Guide To Balance Transfers

Guide To Balance Transfers



Guide to​ Balance Transfers
Are you tired of​ fighting high credit card fees? Why not lower your interest payments by transferring your balance to​ another card .​
Balance transfers are one the smartest and easiest ways to​ reduce credit card costs .​
Just be sure you understand the terms and conditions of​ the new card, so you can maximize your savings.
Before you run out and switch credit cards, consider whether you want to​ keep your current card .​
If you do, simply ask for a​ lower interest rate .​
Tell your credit card company you've found another card with a​ much lower rate and you'll have to​ transfer your balance if​ they can't cut you a​ deal .​
However, be prepared to​ do so if​ they refuse your request .​

Why Use a​ Balance Transfer?
Balance transfers can provide card holders with a​ number of​ advantages .​
Transferring balances to​ a​ lower rate credit card can drastically reduce your interest rate and fees .​
Credit card companies charge varying interest rates on balance transfers and purchases .​
The most common rate is​ 0 percent for six through 12 months.
For example, the Chase Ultimate Rewards MasterCard and Citi Platinum Select MasterCard charge no interest for 12 months on balance transfers and purchases .​
The Discover Platinum Card and the Hess Visa from Chase drop the introductory rate after eight and six months, respectively.
Some cards link the introductory annual percentage rate (APR) to​ billing cycles .​
The GM Card and Fifth Third Bank Cash Rewards MasterCard, respectively, charge 0 percent APR for the first six and four cycles.
Transferring balances can also give you access to​ more perks .​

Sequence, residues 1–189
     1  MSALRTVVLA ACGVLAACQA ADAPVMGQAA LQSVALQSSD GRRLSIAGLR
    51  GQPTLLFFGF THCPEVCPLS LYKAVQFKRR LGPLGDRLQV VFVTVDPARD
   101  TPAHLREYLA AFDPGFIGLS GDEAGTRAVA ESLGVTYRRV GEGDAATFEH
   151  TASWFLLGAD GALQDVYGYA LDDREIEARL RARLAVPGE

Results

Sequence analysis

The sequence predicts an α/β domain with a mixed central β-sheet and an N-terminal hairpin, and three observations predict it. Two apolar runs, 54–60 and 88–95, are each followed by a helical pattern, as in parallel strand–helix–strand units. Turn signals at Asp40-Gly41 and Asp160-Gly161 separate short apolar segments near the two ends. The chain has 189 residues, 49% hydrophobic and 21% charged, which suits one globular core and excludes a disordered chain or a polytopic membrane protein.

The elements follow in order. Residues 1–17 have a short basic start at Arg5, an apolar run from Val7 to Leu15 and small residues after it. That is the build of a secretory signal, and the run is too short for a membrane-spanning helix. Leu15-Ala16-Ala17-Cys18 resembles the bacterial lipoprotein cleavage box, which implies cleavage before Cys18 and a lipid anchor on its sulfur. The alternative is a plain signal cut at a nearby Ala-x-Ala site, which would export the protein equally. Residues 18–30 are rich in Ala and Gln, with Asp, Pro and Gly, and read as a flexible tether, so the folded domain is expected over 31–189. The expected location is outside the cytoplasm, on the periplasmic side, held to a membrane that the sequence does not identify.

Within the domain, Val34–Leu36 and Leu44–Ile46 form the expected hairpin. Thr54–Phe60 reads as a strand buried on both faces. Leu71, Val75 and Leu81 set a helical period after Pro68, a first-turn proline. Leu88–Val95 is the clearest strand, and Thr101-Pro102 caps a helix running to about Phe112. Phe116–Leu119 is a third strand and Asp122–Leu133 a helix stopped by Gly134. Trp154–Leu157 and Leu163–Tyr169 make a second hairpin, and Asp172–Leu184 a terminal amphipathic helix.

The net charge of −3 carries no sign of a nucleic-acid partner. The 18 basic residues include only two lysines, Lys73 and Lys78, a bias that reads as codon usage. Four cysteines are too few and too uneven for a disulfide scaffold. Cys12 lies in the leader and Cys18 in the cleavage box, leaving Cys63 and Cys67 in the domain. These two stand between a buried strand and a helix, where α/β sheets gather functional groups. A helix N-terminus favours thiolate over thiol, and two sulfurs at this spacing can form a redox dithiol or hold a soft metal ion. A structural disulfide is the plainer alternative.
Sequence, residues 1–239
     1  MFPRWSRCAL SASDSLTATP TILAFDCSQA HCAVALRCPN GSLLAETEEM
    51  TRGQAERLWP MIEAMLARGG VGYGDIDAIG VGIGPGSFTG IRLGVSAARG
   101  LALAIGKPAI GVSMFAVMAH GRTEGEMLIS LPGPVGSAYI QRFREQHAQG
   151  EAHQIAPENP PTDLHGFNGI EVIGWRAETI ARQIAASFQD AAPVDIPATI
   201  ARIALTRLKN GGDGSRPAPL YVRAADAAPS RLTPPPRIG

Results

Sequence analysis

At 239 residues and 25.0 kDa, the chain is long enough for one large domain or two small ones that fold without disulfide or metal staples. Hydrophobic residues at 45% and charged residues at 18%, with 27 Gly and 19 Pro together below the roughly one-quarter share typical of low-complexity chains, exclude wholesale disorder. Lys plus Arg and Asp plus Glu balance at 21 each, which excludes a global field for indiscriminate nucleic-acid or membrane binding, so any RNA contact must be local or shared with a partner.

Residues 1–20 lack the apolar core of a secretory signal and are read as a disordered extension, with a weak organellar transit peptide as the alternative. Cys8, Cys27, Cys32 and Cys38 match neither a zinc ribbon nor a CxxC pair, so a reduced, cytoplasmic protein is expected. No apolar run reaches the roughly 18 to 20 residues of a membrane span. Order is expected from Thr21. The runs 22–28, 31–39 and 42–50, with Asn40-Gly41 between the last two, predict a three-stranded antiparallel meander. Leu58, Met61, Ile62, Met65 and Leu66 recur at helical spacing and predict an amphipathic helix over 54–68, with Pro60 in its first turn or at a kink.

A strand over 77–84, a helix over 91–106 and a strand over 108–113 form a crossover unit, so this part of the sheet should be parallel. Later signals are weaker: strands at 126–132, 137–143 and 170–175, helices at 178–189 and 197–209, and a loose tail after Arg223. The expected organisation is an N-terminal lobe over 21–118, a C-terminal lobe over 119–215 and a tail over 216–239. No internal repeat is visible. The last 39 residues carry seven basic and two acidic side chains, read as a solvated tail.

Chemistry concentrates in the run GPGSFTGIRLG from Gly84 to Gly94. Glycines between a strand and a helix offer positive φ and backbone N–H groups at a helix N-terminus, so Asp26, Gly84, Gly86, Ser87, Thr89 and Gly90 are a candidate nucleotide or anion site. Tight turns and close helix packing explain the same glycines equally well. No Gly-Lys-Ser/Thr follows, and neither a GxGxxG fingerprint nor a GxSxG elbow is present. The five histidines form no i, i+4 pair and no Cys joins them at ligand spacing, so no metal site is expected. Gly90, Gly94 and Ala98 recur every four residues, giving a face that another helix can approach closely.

For example, you may be able to​ get a​ new card that has no annual fee, a​ longer payment grace period or​ cash back on purchases and other rewards .​
Some cards also offer car rental insurance, identity theft protection programs and money saving discounts .​

How to​ Transfer Balances
Credit card companies commonly use low interest rate balance transfers to​ attract new customers .​
There are three main ways to​ transfer the balance on a​ card .​
One way is​ by simply filling out the paperwork provided by your new card issuer .​
Or you can contact the credit card company that you want to​ transfer a​ balance to​ and make arrangements for a​ balance transfer.
You can also shift balances by writing balance transfer or​ convenience checks .​
These simple checks look and act like regular checks .​
You simply write a​ check for the amount of​ the balance transfer and send it​ to​ the company you want to​ transfer a​ balance from .​
Some checks have an​ expiration deadline, so make sure you use them within the appropriate time frame .​
If you don't, you'll be charge the regular interest rate set for your card.
Regardless of​ which transfer method you use, you can only transfer as​ much as​ your credit limit on the card you are transferring allows .​

Transaction Cost and Other Fees
Banks generally treat balance transfers like cash advances and have similar transaction fees .​
There's no fee for balances transferred in​ response to​ special offers .​
But for Citi Platinum Select and many other companies, the transaction fee for balance transfers is​ 3 percent of​ the amount of​ each balance transfer, with a​ $5 minimum and $50 maximum .​